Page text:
We’ve all heard the common refrain, “the pedestrian has the right-of-way.” But is there ever a time when a pedestrian is at fault for an accident? If you were hit by a car while crossing a street outside of a crosswalk or where there was no crosswalk, you may be wondering whether you have any legal rights.
In fact, in Pennsylvania, there are no laws explicitly prohibiting jaywalking. Unlike other states that make it illegal for pedestrians to cross streets outside of intersections or to cross outside of crosswalks, even when the crossing signal is green, Pennsylvania does not outright ban “jaywalking.” That being said, pedestrians are still required to follow certain traffic rules and regulations. If you are found to have been in violation of these rules when the accident occurred, the driver can potentially use this to argue that you were at fault for the accident. However, if the driver was also acting negligently or was doing something illegal, such as driving while intoxicated, at the time of the collision, you may have more legal ground to stand on.
Pedestrian Rights & Rules in Pennsylvania
Pedestrians in Pennsylvania have a duty to exercise reasonable care in order to keep themselves and others safe.
As outlined in Pennsylvania Vehicle Code Subchapter C, pedestrians are required to abide by the following rules:
- Obey any and all traffic control devices, including stop signs, traffic signals, crossing signals, crossing guards, etc.
- Pay attention to where they are walking and exercise care
- Yield to vehicles when crossing streets outside of crosswalks
- When available and when traffic control devices are working, cross at crosswalks
- Use sidewalks when they are available
- Yield the right-of-way to emergency vehicles, such as ambulances, firetrucks, police cars, etc.
Pedestrians are also granted certain rights when walking along or crossing streets in Pennsylvania. When a pedestrian is crossing in a crosswalk, even when traffic signals are not in operation, the motorist should yield the right-of-way to the pedestrian. Furthermore, pedestrians who are blind and are using a white cane or seeing-eye dog should always be granted the right-of-way. Additionally, all motorists should exercise reasonable caution and avoid hitting pedestrians whenever possible, regardless of the situation, due to the inherently catastrophic nature of vehicle-pedestrian collisions.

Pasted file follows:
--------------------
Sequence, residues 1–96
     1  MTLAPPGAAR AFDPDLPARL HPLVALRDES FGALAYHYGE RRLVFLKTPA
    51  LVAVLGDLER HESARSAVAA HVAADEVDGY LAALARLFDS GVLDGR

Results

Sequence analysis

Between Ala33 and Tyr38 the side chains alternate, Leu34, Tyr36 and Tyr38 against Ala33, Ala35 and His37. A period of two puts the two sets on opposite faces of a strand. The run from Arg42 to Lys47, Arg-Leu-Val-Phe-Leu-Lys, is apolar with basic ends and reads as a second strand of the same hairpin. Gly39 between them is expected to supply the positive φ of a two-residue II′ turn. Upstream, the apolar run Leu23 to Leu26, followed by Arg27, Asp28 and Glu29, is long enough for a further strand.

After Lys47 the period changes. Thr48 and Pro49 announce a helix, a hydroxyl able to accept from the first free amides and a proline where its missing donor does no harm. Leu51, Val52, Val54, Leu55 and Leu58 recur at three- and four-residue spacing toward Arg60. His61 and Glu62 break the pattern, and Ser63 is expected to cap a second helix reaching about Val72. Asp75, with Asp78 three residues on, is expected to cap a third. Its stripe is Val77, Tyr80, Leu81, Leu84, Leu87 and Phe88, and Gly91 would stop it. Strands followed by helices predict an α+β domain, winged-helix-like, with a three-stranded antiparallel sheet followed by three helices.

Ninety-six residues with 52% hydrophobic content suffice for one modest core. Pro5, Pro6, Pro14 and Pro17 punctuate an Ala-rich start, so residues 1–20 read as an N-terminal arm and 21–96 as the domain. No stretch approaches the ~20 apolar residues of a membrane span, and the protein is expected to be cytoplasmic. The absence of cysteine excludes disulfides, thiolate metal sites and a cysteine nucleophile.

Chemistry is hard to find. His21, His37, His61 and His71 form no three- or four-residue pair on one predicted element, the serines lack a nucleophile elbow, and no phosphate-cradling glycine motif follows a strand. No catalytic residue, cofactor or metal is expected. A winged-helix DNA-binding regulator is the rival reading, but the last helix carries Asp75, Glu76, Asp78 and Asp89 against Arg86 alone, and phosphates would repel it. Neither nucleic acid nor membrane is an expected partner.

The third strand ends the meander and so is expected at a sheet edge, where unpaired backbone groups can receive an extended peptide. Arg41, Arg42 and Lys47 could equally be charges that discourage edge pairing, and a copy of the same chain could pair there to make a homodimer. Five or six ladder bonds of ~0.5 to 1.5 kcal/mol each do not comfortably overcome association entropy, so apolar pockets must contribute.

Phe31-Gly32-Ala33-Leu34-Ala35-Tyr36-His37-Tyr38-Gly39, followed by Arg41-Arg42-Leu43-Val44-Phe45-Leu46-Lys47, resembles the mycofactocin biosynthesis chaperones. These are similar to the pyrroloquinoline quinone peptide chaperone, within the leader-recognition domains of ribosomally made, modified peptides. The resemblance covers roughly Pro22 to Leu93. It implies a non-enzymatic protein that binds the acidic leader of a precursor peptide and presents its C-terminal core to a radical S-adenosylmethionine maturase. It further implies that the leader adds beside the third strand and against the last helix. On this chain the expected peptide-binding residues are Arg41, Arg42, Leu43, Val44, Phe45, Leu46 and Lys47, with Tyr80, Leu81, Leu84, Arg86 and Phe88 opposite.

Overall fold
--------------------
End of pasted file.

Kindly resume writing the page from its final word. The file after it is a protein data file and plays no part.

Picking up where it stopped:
Understanding Pennsylvania’s Law of Contributory Negligence
Pennsylvania follows what is known as the contributory negligence rule. This means that a person who is partially at fault for an accident is not barred from recovery (filing a lawsuit), granted that he or she is less than 50% at fault for the accident. However, the total recovery amount will be reduced by the percentage for which the person is found to be at fault.
For example, if you were “jaywalking,” that is, crossing outside of a crosswalk when a crosswalk was available, and were hit by a car, the driver of the car may try to argue that they did not expect you to be there and, therefore, you are to blame for the accident. However, if the driver is found to have had a blood alcohol concentration (BAC) above the legal limit of 0.08% at the time the accident occurred, the driver could be found mostly liable, as drunk driving often constitutes gross negligence. If this were the case, and the jury found the drunk driver to be 75% liable for the accident, assigning the remaining 25% of fault to you, you would be able to recover up to 75% of the total award that you could have recovered were you not liable at all.
This is just one example of how Pennsylvania’s law of contributory negligence works; each situation is unique and the various factors involved in your case will play a large role in your legal options and the outcome of your case.
If you were involved in a pedestrian accident in Pennsylvania and want to learn more about your rights, contact Metzger Wickersham today for a free case evaluation.